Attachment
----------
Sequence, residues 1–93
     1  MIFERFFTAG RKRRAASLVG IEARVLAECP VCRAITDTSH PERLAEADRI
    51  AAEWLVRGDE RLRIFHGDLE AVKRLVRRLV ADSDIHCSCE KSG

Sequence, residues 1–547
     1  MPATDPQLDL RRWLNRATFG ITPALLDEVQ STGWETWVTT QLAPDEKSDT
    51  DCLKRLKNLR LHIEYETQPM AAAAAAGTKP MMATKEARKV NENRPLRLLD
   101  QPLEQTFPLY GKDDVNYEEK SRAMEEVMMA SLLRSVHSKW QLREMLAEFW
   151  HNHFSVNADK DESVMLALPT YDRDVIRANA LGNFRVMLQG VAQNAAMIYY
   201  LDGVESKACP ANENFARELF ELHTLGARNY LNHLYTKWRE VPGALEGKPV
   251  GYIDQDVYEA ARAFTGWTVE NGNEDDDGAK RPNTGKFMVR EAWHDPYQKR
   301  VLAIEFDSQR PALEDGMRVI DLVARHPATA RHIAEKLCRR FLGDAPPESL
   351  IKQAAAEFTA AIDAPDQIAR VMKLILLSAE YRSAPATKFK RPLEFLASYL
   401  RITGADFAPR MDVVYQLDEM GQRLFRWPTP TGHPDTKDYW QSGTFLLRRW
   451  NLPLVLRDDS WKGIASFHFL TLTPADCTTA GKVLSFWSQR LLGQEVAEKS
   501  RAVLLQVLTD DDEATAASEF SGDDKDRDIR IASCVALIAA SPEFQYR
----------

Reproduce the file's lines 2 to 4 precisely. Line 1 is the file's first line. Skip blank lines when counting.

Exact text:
     1  MIFERFFTAG RKRRAASLVG IEARVLAECP VCRAITDTSH PERLAEADRI
    51  AAEWLVRGDE RLRIFHGDLE AVKRLVRRLV ADSDIHCSCE KSG

Sequence, residues 1–547